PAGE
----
Supreme Court nominee Kavanaugh on the major issues

Author: Melissa Quinn, Washington Examiner - July 10, 2018 - Updated: July 26, 2018

Supreme Court nominee Brett Kavanaugh, right, walks past the press following a photo opportunity with Sen. Chuck Grassley, R-Iowa, on Capitol Hill July 10, 2018. (AP Photo/Susan Walsh)

President Donald Trump’s nomination Monday of Judge Brett Kavanaugh to the U.S. Supreme Court has cast a spotlight on his judicial record, with Kavanaugh’s supporters and detractors looking to his writings to glean insights into how he will rule as a Supreme Court justice.

Kavanaugh has served on the U.S. Court of Appeals for the District of Columbia Circuit since 2006. With nearly 300 opinions authored through his 12 years on the nation’s second most-powerful court, senators have a lengthy record to draw from as they weigh Kavanaugh’s nomination.

Here is how Kavanaugh has ruled on major issues:


The future of abortion rights has already become a flashpoint in the fight over Trump’s nominee to the Supreme Court, as Senate Democrats are raising concerns about the future of Roe v. Wade and Planned Parenthood of Southeastern Pennsylvania v. Casey.

Kavanaugh is likely to be pressed during his confirmation hearing about his position on Roe, though he did address the landmark decision in 2006, when he appeared before the Senate Judiciary Committee after his nomination to the D.C. Circuit.

“If confirmed to the D.C. Circuit, I would follow Roe v. Wade faithfully and fully,” he said at the time. “That would be binding precedent of the court. It has been decided by the Supreme Court.”

Kavanaugh said he did not think it “appropriate for me to give a personal view on that case.”

Kavanaugh did provide a window into how he may rule in cases involving abortion last year, when he dissented from a ruling from the D.C. Circuit in a case involving an illegal immigrant teenager seeking an abortion.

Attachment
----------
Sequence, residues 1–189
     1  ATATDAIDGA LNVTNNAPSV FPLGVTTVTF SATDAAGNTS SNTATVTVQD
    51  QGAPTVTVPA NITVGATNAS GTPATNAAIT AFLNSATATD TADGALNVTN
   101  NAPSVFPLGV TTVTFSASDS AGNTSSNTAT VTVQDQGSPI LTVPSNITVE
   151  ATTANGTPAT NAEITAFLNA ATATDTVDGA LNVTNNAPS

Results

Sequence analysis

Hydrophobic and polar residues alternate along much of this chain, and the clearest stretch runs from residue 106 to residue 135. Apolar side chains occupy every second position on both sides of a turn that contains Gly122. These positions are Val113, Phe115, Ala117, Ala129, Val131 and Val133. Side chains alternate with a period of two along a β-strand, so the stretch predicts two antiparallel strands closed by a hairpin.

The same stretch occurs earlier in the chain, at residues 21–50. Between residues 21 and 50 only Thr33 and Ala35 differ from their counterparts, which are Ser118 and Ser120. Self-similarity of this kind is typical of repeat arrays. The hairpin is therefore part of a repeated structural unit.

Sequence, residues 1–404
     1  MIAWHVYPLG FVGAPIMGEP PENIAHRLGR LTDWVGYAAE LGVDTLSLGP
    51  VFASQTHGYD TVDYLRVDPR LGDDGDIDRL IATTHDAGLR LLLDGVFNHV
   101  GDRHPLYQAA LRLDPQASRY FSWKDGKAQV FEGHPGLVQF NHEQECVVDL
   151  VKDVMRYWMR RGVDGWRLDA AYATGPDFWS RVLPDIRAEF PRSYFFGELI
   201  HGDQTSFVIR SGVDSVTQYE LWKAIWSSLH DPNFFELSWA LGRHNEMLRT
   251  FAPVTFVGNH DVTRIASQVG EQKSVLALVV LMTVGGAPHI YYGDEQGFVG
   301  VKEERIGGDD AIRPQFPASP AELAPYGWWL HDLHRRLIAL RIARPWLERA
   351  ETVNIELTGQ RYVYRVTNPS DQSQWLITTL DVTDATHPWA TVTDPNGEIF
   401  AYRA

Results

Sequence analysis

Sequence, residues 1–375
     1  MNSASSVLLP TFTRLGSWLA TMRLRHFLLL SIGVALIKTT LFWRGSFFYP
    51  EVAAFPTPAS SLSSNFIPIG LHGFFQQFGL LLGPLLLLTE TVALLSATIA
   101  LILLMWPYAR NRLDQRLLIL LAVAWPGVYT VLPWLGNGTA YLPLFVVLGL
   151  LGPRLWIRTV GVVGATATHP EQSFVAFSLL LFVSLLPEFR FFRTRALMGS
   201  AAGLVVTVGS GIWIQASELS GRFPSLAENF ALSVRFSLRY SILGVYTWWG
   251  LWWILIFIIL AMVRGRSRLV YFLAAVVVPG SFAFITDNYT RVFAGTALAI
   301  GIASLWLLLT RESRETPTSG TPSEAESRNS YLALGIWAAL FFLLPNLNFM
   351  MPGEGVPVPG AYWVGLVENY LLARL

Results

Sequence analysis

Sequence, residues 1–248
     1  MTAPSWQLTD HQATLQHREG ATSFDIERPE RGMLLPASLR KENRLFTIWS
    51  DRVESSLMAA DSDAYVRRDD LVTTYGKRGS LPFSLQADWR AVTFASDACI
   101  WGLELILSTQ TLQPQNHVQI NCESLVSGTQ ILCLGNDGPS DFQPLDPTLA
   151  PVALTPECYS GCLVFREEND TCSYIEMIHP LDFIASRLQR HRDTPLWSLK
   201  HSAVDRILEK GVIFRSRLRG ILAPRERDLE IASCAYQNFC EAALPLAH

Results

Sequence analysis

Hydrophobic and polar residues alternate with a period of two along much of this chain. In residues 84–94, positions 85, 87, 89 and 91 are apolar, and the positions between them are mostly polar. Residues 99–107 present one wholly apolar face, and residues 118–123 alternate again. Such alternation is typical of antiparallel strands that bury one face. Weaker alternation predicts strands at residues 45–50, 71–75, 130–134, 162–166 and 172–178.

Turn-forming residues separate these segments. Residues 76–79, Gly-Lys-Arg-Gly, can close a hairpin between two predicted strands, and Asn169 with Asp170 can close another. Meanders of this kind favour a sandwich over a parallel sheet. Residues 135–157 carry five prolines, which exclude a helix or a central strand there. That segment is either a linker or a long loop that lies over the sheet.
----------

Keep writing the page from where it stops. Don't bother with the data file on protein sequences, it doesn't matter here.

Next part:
The judge chided the majority in his dissent, writing its opinion was “based on a constitutional principle as novel as it is wrong: a new right for unlawful immigrant minors in U.S. government detention to obtain immediate abortion on demand.”


The future of Obamacare is a cornerstone of Democrats’ opposition to Kavanaugh, as they claim a Supreme Court with five conservative justices could dismantle the law and take away protections for people with pre-existing conditions.

While a judge on the D.C. Circuit, Kavanaugh issued two rulings involving the healthcare law that gave some conservatives pause in the lead-up to Trump’s announcement.

In the first case in 2011, Kavanaugh dissented in the case on jurisdictional grounds, writing the 1867 Tax Anti-Injunction Act precluded the D.C. Circuit Court from considering the case at that time.

Some conservatives believe it was Kavanaugh’s decision in 2011 that effectively provided the “roadmap to save Obamacare.”

In the second involving Obamacare, from 2015, Kavanaugh wrote that Obamacare complied with the Constitution’s Origination Clause but disagreed with the majority’s reasoning.

Privacy rights

Kavanaugh’s 2015 concurrence in a case involving the National Security Agency has raised concerns among privacy advocates.

In his opinion, Kavanaugh wrote he believed the NSA’s warrantless collection of phone metadata, revealed by whistleblower Edward Snowden, “is entirely consistent with the Fourth Amendment.”

Kavanaugh said he believed the metadata collection program qualified as “reasonable under the Supreme Court’s case law” and served a “critically important special need—preventing terrorist attacks on the United States.”

“In my view, that critical national security need outweighs the impact on privacy occasioned by this program,” he wrote.

Gun rights

In 2011, Kavanaugh dissented in a case challenging a D.C. law that banned possession of most semi-automatic rifles and required registration of all firearms.